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If you were planning to send your unvax kid to school this fall, what are you thinking now?


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My zip code is 80%+ vaccinated.  The kids wear masks and have daily temperature checks.  I keep them home for a full year until I was vaccinated, but I’m comfortable sending them back in the fall.  Mine are younger though, so one classroom all day.  I’m hesitant to do after school which involves mixing. 

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DD is 11.5 and we're still planning on sending her to school which starts in August. I'm nervous about it but I think she would revolt if I said she had to stay home again. She is at an age where she needs to be with friends. She hates Zoom. 

I can't ask her to lose another year of her life while her friends go on with their lives. 

The school hasn't officially announced their COVID precautions yet but I don't expect them to do much. I anticipate that the upcoming school year will be the same as pre-COVID. No masks, no social distancing. DD will be going to Catholic school so I expect that many of the adults won't be vaccinated. Not that I'll know because it's DADT. 

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We briefly considered it but are letting the kid (11.5) stay home another year.  We're still hoping they start vaccinating children in the fall.

After school activities, at least for him, are more secure.  We know the protocol of most of his team and the parents are pretty medically minded.  His book club will meet outside with each kid bringing their own chair.  Scouts is outside for now, but may move indoors, and the younger kids stay masked.  He has a small circle of friends that we trust and all of us are in agreement with the type of risks we let our kids take (they're also the same group of friends that overlap in those three activities).

I'm working on getting a degree in elementary education, so I'll be the one going to school weekly for classroom work and doing 3 classes at the college.  It would have made it easier if ds was going as well, but we'll juggle him at home.

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If the adults in the household have vax protection, I would send him to school.  If there is a concerning immunity issue in the household, does the school system have a temporary virtual option?  I would ask about that before deciding.

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We are struggling. Vax rate in our state is 33%, in our county 48%. No school (public or private) that I can find is requiring masks. It’s 100% back to normal. Lunch in cafeteria. Visitors allowed in classrooms.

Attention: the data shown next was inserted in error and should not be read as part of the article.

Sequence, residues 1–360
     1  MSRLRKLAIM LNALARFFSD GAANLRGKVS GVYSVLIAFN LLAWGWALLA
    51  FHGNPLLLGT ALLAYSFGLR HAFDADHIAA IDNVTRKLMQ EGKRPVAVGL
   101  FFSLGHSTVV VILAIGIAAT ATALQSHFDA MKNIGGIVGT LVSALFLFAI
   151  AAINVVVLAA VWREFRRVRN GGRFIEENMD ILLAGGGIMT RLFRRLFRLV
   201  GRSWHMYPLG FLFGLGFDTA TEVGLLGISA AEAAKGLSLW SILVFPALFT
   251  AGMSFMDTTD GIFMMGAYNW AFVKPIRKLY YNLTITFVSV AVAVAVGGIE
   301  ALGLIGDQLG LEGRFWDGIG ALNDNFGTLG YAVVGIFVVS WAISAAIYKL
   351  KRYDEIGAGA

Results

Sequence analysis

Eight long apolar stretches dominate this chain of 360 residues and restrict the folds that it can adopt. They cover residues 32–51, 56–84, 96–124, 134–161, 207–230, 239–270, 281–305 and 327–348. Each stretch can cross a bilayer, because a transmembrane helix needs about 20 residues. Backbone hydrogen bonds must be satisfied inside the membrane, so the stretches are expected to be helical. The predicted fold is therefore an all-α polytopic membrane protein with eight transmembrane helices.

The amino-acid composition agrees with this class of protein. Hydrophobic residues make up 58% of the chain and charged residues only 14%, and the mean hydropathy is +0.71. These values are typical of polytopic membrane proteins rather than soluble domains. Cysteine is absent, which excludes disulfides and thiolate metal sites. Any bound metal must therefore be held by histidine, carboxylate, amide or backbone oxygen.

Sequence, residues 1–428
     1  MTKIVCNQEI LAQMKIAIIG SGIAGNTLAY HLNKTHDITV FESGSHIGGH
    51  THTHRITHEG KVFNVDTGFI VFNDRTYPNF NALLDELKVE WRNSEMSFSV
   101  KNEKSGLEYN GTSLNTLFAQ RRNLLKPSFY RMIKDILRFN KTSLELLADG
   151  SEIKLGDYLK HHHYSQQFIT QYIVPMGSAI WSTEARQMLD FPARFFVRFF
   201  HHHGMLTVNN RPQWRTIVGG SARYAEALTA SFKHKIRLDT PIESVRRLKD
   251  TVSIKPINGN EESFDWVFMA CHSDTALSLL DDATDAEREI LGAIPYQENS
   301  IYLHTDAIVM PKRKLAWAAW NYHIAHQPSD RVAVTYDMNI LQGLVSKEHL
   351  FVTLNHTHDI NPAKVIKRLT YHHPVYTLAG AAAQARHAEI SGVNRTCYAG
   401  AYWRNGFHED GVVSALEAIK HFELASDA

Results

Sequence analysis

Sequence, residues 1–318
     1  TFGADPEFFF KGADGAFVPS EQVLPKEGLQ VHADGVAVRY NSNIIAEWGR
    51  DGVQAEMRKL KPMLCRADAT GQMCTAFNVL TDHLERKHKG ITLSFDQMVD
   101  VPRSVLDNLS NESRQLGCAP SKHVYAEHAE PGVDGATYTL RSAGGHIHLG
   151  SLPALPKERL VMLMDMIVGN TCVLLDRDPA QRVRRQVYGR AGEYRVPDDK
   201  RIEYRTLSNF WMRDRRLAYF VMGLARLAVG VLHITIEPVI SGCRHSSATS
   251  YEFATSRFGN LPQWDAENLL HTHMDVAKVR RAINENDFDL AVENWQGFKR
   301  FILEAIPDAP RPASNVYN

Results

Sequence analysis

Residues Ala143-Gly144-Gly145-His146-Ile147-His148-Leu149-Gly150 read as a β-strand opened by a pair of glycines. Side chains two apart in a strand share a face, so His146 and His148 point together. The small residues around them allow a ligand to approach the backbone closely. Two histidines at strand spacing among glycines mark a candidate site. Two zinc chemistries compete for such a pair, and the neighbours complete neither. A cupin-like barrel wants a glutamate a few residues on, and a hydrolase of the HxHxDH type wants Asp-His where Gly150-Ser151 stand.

DH thinks rising rates will make schools change their minds. I don’t think so. We are at odds and don’t have a clear path forward. School starts in 2 weeks. 

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We considered but decided against sending our older kids to school this year.  I would have been fine with it, though, if none of my kids had factors to put them at higher risk.  But we didn't want them bringing germs home to little brother.

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We wouldn't be sending our kids this year anyway as we virtual school.   Before I made up my mind it would matter what the rates were around me, the vax rates, and what precautions they were taking.  I have heard a lot of schools not taking any at all.  That would be a no go for me.  Even my vaxxed kids I am not comfortable them going somewhere with 0 precautions with Delta in play and I think the rise in rates is only going to increase come fall.    If they had precautions and everyone masked and vax rates are high then maybe.

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Well... let's put it this way. We homeschooled for middle school in no small part because a middle school with a thousand students or more is ridiculous. There's no need for middle schools to be that populous, and it's no good for the students.

So already I'm looking at your top post and saying "no way".

But if my main worry was covid then I think it'd depend on factors like the infection and vaccination rates where I am, the odds of somebody in my household getting seriously ill from covid, and everybody's willingness to be stuck together another year.

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Our local district has not announced their precautions for next school year.  
 

I feel like I need more information, about delta and about the plans for next year.

 

My kids did attend last year, and I kept them out for a while over concerns, but then — I do think that the combination of the precautions and the way the virus was then, I really was okay with it.  We took major precautions with grandparents until they were vaccinated.